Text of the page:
by Nour Eissa, Hayam Hussein, Hongxing Wang, Mohammad F. Rabbi, Charles N. Bernstein, Jean-Eric Ghia
Many animal models have been developed to characterize the complexity of colonic inflammation. In dextran sodium sulfate (DSS) experimental colitis in mice the choice of reference genes is critical for accurate quantification of target genes using quantitative real time PCR (RT-qPCR). No studies have addressed the performance of reference genes in mice DSS-experimental colitis. This study aimed to determine the stability of reference genes expression (RGE) in DSS-experimental murine colitis.
Colitis was induced in male C57BL/6 mice using DSS5% for 5 days, control group received water. RNA was extracted from inflamed and non-inflamed colon. Using RT-qPCR, comparative analysis of 13 RGE was performed according to predefined criteria and relative colonic TNF-α and IL-1β gene expression was determined by calculating the difference in the threshold cycle.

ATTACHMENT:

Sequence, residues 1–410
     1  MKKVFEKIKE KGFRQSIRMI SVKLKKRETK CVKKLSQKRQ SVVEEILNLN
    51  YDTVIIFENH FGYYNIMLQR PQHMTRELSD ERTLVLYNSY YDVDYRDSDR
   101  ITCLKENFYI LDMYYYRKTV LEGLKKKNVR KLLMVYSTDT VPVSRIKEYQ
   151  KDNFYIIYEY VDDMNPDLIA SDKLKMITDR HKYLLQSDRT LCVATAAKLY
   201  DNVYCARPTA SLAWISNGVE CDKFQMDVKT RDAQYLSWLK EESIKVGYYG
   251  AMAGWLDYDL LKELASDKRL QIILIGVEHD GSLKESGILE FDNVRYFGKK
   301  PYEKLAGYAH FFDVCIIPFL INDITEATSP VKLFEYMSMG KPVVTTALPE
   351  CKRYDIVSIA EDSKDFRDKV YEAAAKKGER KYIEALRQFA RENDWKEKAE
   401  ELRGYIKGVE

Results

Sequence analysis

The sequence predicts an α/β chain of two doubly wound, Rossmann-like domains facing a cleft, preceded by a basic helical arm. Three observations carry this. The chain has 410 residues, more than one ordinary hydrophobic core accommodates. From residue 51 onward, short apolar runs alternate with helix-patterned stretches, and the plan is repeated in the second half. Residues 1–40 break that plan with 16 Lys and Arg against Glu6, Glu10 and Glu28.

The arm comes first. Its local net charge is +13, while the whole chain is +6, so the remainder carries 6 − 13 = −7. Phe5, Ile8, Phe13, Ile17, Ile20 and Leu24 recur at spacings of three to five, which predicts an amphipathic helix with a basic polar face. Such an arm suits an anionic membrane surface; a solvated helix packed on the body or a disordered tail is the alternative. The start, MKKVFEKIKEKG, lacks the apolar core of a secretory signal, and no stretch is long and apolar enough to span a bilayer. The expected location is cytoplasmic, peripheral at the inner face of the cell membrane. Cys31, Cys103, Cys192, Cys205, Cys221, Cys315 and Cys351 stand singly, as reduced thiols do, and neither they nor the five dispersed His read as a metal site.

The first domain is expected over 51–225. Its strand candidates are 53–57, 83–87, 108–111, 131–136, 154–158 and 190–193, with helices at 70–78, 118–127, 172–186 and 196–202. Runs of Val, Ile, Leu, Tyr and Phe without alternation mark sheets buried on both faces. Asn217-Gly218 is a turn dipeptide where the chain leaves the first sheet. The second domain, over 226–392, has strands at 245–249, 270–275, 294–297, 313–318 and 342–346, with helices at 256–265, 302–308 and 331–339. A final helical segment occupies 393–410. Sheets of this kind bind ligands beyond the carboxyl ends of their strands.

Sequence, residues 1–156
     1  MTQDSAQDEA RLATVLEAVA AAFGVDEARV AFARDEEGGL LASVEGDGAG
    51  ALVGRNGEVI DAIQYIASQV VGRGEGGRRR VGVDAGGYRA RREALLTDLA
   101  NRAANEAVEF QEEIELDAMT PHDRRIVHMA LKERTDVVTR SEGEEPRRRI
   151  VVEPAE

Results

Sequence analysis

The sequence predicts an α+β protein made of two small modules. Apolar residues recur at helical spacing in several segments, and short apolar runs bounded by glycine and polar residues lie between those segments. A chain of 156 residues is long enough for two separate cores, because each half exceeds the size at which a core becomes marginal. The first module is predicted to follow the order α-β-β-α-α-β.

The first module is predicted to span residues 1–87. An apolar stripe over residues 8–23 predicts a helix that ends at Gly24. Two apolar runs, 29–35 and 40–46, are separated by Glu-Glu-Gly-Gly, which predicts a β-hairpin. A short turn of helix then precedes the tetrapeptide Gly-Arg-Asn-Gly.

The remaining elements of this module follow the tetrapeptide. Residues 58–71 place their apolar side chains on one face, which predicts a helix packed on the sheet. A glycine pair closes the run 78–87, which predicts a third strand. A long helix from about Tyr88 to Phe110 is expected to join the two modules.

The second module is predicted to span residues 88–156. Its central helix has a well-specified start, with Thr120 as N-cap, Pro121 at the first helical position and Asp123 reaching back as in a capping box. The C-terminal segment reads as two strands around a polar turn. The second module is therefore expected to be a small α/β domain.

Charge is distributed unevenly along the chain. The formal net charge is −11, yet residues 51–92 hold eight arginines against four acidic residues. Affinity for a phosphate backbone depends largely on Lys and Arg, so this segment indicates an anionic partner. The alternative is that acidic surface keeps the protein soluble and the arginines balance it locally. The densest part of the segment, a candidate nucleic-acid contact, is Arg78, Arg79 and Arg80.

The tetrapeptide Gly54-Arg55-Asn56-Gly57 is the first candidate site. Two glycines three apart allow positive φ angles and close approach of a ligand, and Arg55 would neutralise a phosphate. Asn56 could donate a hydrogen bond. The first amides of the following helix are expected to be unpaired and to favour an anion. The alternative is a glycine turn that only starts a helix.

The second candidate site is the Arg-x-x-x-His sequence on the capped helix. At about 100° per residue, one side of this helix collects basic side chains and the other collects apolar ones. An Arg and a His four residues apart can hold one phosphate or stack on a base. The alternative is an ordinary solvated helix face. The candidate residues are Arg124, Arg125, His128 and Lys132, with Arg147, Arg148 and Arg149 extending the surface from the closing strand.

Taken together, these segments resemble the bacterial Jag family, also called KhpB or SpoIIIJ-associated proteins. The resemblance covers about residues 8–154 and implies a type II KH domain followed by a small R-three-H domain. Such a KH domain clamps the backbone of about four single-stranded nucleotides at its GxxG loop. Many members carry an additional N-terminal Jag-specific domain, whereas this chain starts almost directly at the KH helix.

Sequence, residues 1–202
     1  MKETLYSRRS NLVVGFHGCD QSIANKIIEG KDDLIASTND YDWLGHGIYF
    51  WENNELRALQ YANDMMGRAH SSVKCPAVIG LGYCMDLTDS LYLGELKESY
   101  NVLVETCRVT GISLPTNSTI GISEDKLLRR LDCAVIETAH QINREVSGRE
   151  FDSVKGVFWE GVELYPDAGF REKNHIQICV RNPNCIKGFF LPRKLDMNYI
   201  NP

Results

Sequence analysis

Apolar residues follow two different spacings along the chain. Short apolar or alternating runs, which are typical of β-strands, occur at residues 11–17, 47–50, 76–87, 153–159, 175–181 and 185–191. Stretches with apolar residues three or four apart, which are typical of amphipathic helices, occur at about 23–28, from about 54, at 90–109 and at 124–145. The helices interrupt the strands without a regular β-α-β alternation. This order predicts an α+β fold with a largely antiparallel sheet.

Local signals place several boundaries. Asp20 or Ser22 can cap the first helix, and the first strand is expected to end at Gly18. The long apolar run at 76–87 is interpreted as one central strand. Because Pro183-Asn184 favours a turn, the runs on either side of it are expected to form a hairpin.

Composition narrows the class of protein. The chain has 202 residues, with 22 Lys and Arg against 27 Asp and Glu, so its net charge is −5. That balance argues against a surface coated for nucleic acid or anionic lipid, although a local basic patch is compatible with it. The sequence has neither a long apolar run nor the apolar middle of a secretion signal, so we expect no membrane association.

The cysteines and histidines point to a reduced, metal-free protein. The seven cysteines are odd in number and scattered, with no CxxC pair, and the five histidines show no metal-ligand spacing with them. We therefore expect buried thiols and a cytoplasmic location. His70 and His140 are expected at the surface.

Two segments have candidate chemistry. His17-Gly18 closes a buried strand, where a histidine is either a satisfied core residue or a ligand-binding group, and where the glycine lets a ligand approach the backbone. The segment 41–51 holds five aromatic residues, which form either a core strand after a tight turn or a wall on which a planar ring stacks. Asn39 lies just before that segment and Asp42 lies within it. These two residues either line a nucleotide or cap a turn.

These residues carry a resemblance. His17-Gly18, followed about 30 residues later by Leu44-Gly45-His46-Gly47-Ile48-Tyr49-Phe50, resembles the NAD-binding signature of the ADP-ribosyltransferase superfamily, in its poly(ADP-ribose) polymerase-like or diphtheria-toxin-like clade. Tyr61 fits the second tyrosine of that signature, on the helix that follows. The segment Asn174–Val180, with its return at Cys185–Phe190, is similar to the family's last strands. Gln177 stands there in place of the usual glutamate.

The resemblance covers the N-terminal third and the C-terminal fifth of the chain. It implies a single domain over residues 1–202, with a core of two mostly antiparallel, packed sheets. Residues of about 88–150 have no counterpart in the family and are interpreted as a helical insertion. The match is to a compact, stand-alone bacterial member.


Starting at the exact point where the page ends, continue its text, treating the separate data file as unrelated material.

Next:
Colitis significantly altered the stability of mucosal RGE. Commonly used glyceraldehyde-3-phosphate dehydrogenase (Gapdh), β-actin (Actb), or β2-microglobulin (β2m) showed the highest variability within the inflamed and control groups. Conversely, TATA-box-binding protein (Tbp) and eukaryotic translation elongation factor 2 (Eef2) were not affected by inflammation and were the most stable genes. Normalization of colonic TNF-α and IL-1β mRNA levels was dependent on the reference gene used. Depending on the genes used to normalize the data, statistical significance varied from significant when TBP / Eef2 were used to non-significant when Gapdh, Actb or β2m were used.
This study highlights the appropriate choice of RGE to ensure adequate normalization of RT-qPCR data when using this model. Suboptimal RGE may explain controversial results from published studies. We recommend using Tbp and Eef2 instead of Gapdh, Actb or β2m as reference genes.